If you have arthritis, you know that exercise is an important tool in managing your condition. But when joints are aching and stiff, it may feel like exercise is out of your reach. In fact, 24% of adults with diabetes report doing no leisure time physical activity at all, according to a survey from the Centers for Disease Control and Prevention.1
Before you give up on staying active, remember that there’s a form of exercise that you’ve most likely been doing every day since you were about a year old: walking.
Walking is an accessible, low-impact activity that can help relieve arthritis symptoms such as pain, stiffness, and swelling—this is true even if you have arthritis in a weight-bearing joint like your knee or hip. Also, if you have concerns about your neck or back, gentle stretching and slow walking is a wonderful way to begin the process of stretching and strengthening your spine.
If you’re not doing any exercise right now, start with walking. Walking is the best way to start the process of going from inactivity to activity.
Why walking is the first step to better health
Here are some of the advantages of walking:
- Since it is our natural form of locomotion as humans, you already know how to do it. No need for a class or training, you can just jump right in.
- Walking doesn’t cost anything or require special equipment or a gym membership. You can start in your own neighborhood or a nearby park. If weather or safety are concerns, go to a mall or some other public place.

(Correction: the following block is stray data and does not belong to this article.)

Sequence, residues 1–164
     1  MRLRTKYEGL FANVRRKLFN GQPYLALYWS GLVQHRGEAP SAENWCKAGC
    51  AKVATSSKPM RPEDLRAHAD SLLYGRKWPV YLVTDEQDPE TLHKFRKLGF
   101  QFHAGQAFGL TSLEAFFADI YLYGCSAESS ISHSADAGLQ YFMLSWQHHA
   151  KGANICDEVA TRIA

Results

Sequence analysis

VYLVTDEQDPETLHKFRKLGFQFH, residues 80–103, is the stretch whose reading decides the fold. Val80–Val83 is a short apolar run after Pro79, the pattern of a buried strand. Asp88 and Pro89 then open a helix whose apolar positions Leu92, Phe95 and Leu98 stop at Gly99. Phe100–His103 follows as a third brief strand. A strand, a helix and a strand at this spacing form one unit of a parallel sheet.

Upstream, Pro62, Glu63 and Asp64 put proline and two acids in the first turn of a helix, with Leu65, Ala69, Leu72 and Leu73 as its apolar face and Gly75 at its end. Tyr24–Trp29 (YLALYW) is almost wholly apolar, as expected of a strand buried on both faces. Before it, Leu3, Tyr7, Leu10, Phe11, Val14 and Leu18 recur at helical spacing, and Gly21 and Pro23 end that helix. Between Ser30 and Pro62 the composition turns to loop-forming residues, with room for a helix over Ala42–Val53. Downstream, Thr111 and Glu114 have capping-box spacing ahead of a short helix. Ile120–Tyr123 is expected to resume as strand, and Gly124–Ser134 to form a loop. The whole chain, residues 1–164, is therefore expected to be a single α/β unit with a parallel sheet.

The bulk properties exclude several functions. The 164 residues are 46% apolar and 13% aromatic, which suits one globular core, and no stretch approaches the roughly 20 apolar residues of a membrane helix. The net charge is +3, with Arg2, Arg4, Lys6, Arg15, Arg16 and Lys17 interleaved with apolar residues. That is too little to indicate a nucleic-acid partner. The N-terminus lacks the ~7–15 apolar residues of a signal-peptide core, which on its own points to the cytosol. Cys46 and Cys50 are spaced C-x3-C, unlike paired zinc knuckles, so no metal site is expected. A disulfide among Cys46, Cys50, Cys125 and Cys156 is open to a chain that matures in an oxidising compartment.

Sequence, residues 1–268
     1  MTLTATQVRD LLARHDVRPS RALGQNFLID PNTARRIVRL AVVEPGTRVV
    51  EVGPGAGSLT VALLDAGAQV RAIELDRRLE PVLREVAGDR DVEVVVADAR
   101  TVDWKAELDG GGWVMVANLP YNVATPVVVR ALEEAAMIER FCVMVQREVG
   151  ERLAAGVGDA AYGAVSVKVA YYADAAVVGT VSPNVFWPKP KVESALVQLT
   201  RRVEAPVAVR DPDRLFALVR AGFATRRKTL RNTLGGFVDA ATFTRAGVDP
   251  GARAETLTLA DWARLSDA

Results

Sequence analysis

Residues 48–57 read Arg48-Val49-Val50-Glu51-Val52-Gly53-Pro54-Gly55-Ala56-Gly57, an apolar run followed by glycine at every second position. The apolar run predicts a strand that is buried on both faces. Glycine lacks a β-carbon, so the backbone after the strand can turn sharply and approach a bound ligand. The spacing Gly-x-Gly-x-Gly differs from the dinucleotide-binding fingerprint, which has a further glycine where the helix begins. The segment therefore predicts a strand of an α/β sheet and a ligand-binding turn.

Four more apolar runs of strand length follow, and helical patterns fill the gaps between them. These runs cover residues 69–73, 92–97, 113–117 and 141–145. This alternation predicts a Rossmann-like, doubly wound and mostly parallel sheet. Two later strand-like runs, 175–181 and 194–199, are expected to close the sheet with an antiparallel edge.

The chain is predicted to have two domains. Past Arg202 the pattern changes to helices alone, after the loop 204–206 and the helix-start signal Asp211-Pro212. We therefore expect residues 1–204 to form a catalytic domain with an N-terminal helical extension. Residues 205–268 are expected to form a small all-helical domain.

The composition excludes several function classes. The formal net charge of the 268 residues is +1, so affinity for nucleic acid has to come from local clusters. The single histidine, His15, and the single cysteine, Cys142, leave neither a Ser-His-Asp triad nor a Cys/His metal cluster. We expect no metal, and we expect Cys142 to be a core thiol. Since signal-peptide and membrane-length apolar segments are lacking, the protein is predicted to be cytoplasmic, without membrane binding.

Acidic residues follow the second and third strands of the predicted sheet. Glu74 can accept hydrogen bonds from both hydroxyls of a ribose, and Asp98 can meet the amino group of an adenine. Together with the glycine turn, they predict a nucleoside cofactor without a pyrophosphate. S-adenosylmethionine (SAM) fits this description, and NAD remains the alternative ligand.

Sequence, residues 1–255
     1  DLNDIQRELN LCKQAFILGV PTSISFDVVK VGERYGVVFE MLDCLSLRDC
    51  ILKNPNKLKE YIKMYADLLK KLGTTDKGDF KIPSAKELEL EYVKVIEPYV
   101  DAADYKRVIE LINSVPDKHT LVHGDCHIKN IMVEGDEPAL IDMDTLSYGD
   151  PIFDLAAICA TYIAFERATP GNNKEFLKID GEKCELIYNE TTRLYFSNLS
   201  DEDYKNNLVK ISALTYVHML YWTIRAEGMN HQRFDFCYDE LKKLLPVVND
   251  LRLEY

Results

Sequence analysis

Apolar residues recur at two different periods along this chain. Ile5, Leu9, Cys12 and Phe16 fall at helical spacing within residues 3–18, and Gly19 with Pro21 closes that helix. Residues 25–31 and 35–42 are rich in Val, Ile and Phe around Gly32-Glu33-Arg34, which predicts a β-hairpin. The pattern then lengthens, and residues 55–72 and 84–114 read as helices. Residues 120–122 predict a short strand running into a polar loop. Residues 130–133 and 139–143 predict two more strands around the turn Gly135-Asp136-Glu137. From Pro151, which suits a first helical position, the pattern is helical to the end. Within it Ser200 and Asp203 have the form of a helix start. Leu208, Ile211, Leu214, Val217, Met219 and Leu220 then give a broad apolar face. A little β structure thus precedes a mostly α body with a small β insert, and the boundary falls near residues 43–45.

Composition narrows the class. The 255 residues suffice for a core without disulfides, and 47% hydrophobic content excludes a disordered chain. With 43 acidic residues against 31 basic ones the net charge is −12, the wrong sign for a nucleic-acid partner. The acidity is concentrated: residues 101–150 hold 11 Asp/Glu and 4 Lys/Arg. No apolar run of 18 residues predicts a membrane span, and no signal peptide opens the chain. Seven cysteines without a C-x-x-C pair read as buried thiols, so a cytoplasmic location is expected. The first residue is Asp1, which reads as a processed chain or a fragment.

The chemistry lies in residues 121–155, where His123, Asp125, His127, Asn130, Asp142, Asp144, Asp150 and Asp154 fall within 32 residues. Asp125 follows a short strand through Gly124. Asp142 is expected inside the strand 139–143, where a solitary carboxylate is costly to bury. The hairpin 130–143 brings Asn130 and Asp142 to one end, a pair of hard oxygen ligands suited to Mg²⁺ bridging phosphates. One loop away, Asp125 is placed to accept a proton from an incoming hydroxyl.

- Walking utilizes almost all the major muscle groups in our body so we can maintain motion, balance, and posture. Fast walking can even our arm and shoulder muscles.
- Walking burns calories and can help you maintain a healthy weight. This has an added bonus, because losing extra weight is one of the main ways to relieve arthritis pain.
- As you walk more and become more active, you’ll become more confident in your physical abilities. This can benefit your emotional health, and your social health can improve as well as you feel more prepared to be “out and about” to visit with friends and family.
Tips for getting started with walking
Ideally, you should aim for 150 minutes of moderate exercise each week. This equals 30 minutes of exercise 5 times a week.
But if you’re inactive now, start slow and easy and add on walking time and pace gradually. For example, if you can walk for 15 minutes after dinner this week, aim to walk for 20 minutes next week. The goal is to stay committed to activity. Map out a route that brings you back home after achieving your distance goal. Small victories will build confidence.
Also, if you have pain or weakness in a weight-bearing joint like your hip or knee, you may find that trekking poles give you the stability and pain relief you need to walk more easily.
Even if walking is too painful or difficult for you, don’t fear—there are still ways you can be physically active. You can do simple stretching and strength-building exercises at home. Or give water therapy a try, where the warm water can relax aching joints and take the pressure of gravity off them.
Finally, a little muscle soreness is fine after exercising and will decrease as you become more active, but stop right away if you feel sudden, sharp pain in your arthritis-affected joint while exercising.
- Barbour KE, Helmick CG, Theis KA, Murphy LB, Hootman JM, Brady TJ, Cheng YJ. Prevalence of doctor-diagnosed arthritis and arthritis-attributable activity limitation-United States, 2010-2012. Morb Mortal Wkly Rep. 2013; 62(44): 869–873.